why you think that and back up your points with suggestions or verifiable
data.

Ally Compeau,
Founder of Woof Signs adds, “Pick your battles,
focus on key areas of strength and weakness that could be actionable.”
Don’t nitpick.

Common Exit Interview Questions & Answers  

It might feel weird to prepare for an exit interview since you’re already leaving the
company and don’t necessarily need to put your best foot forward. Think of it
this way: in a job interview saying one wrong thing could jeopardize your whole
application, in an exit interview saying the wrong thing could lead to an
awkward conversation that your boss and former colleagues may hear about.

Knowing the questions in advance and preparing a diplomatic response is a good
way to ensure your reputation doesn’t get ruined after you’ve got no chance of fixing it because you’re no longer there. Here are the exit interview questions you’re likely to be asked and some good exit interview answers:

1. Why Are You Leaving Your Current Position?

Alternative question:
“What made you decide to look for another job?”

You can be honest here without sounding accusatory. If you
left because of your boss, cite a specific explaining how your manager’s
actions impacted you. For example, instead of just saying your boss had
favorites, talk about how your skills weren’t fully utilized because you didn’t
have the chance to work on more challenging tasks.

It’s also acceptable to use better benefits, a higher
salary, or a company practice that you don’t agree with or that’s affected
your career path within the company.

2. How Was Your Relationship With Your Boss?

This question isn’t about whether you liked your boss or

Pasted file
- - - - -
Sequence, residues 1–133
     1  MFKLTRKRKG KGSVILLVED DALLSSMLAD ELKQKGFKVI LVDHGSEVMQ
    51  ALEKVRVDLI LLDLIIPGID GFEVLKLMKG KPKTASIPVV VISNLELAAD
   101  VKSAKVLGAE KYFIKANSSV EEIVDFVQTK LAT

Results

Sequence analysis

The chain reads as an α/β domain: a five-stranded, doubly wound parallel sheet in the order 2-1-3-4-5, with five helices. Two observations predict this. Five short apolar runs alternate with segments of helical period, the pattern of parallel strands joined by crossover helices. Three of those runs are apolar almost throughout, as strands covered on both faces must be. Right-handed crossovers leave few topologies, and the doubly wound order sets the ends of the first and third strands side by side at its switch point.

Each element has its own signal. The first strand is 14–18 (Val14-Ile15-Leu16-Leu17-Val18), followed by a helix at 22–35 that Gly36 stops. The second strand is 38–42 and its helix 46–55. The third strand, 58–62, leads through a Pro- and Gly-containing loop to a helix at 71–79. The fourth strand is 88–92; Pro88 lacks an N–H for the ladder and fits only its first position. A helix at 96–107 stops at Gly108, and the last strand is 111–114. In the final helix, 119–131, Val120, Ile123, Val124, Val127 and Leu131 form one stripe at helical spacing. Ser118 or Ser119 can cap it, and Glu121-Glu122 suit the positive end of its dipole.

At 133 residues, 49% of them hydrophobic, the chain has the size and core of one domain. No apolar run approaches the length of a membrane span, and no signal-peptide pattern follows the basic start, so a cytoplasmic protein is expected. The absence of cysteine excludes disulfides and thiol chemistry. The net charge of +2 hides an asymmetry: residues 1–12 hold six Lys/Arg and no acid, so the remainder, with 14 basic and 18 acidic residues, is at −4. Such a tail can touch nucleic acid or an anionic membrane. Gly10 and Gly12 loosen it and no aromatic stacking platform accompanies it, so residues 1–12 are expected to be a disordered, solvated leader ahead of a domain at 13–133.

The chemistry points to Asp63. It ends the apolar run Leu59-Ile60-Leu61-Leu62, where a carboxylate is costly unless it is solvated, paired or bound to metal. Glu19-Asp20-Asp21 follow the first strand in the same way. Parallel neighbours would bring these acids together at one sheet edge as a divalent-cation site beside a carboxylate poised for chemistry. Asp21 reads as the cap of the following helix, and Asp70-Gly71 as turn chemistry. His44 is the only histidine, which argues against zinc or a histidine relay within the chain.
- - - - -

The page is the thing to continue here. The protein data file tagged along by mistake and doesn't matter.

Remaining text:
not. HR doesn’t care whether you got close or if you hated working for them. Instead,
they want to know about your boss’s management and communication style,
specifically if their guidance encouraged you to work hard, or made you dread coming
to the office.

Comment only on topics where you experienced the trait
you’re criticizing first-hand. The interviewer isn’t interested in “I heard” or “This happened to my teammate” kind of stories.

Laura Handrick,
HR Analyst at Fit Small Business adds, “You may
not be the catalyst for that manager
being disciplined or fired, but HR will notice. Just do it in a way that
protects you.”

also Keep in mind that HR isn’t interested in every little thing
your manager did to irritate you. Keep those to yourself, not just because it
may be relayed back to your former boss,  but because doing may lessen HR’s
confidence in your objectivity. 

3. What Skills or Experience Should We Look for in Your
Replacement?

You’re the one who knows how to do your job best—not your
manager or the recruiter. That’s why they want your personal insight into what
it takes for someone to succeed in your role.